China’s Tech Hub & Unicorn Powerhouse
The country’s tech dominance can be gauged from the fact that on a global scale, every 3 out of 10 unicorns (companies valued at more than a $1 billion) come from China. 2018 alone, it had a total of 186 unicorns, fostering 97 unicorns in the last year alone at an average of creating one every 3.8 days. It is also building a Tech hub comprising of 11 cities (picture above) to rival the supremacy of Silicon Valley (California, U.S.A). The greater Bay Area is home to almost 70 million people which contributes an eighth of China’s GDP with a combined economic output if $1.5 trillion.
World Leader in Artificial Intelligence
China has been aggressively investing in emerging technologies like AI, Fintech & Blockchain etc. According to the Artificial Intelligence patents lodged with the World Intellectual Property Organisation last year, an overwhelming 473 of the total 608 were filed by Chinese businesses. The Chinese government is also investing billions of dollars on developing local research talent – one example of which is the creation of a $2 billion AI development park in Beijing, housing 400 enterprises with an estimated annual output of 50 billion yuan. The park will also attract companies working on other tech areas like Big Data, Biometric Identification, Deep Learning and Cloud Computing.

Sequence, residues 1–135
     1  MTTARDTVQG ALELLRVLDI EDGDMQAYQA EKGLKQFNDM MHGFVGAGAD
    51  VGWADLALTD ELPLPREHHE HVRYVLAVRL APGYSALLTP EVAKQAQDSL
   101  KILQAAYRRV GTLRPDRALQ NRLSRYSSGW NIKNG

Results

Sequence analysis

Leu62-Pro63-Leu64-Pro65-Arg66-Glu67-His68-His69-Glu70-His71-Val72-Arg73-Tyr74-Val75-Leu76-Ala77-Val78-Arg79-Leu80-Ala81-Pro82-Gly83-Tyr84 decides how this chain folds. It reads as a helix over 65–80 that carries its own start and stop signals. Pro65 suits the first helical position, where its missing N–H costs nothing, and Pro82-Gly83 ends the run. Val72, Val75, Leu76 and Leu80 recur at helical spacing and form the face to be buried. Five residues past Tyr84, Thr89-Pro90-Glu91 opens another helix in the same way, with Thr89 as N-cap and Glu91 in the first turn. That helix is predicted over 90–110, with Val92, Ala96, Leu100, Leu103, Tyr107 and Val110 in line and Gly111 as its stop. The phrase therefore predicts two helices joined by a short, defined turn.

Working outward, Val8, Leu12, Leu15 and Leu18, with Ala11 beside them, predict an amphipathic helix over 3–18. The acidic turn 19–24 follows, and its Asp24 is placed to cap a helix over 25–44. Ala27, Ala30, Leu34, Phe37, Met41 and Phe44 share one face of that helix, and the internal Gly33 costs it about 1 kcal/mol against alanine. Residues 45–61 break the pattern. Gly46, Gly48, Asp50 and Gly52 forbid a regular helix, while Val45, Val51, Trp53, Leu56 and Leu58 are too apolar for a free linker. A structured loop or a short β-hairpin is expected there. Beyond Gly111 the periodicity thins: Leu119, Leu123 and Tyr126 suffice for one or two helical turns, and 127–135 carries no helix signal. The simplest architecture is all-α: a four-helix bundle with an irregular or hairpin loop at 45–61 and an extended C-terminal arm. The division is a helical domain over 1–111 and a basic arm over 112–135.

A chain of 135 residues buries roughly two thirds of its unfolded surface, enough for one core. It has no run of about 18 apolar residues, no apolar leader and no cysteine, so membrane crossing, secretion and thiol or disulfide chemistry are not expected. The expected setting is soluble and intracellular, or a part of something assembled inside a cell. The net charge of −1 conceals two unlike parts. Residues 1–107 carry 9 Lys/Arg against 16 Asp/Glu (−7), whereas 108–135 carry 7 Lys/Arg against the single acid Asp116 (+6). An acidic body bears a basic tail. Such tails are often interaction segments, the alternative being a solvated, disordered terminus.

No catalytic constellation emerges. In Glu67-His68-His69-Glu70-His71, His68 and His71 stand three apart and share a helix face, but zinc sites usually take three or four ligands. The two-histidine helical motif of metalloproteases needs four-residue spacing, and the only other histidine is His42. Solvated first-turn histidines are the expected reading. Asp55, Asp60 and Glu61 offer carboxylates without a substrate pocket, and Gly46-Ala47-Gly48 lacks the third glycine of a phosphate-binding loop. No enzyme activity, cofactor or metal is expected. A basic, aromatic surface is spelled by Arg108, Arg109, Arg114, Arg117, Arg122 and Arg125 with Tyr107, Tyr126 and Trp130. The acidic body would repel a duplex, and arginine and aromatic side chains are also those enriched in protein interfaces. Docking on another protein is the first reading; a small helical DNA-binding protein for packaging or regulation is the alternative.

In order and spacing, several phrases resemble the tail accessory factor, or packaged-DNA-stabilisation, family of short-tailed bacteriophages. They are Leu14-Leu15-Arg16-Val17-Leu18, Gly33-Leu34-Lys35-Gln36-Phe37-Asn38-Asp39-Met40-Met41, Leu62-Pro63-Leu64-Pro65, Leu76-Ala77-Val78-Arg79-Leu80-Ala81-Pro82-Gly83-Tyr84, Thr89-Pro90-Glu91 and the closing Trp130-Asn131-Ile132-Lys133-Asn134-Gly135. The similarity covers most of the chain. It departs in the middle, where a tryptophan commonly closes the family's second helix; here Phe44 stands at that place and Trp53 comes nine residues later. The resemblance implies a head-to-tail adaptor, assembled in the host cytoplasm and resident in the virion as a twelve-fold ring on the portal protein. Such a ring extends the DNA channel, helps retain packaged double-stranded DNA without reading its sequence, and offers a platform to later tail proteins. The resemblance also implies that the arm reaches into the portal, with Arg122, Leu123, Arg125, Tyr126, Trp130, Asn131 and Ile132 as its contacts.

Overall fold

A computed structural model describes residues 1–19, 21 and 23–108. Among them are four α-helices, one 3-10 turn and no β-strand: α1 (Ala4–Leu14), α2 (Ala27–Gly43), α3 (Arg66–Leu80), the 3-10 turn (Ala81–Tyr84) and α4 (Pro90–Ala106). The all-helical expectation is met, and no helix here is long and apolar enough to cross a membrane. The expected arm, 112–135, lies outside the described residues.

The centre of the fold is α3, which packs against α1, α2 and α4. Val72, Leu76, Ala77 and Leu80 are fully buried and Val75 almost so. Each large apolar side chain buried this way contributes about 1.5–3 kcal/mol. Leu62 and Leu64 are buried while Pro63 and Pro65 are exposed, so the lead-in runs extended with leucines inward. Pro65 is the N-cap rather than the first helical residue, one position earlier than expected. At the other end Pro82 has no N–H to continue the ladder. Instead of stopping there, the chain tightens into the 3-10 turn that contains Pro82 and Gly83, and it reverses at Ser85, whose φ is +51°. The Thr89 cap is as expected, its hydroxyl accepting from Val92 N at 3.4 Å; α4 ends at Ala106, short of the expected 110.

Ambitious Space Exploration
The unmanned space rover Chang’e-4 probe touched down near Moon’s South pole. This mission was sent to analyse the unexplored region on the far side of the moon. It was important to China on two accounts – for putting the country on the map as a strong player in space exploration & secondly to do something that no one has attempted before. Most of the previous missions have only explored the Lunar surface facing the Earth. The mission also had a collaborative touch as it carried experiments from Netherlands, Germany, Sweden and Saudi Arabia. Things don’t stop here as the country is going to start building its own space station next year which is expected to be operational by 2022 – Missions to Mars and Jupiter and a manned Moon landing are all lined up next.
Renewable Energy Giant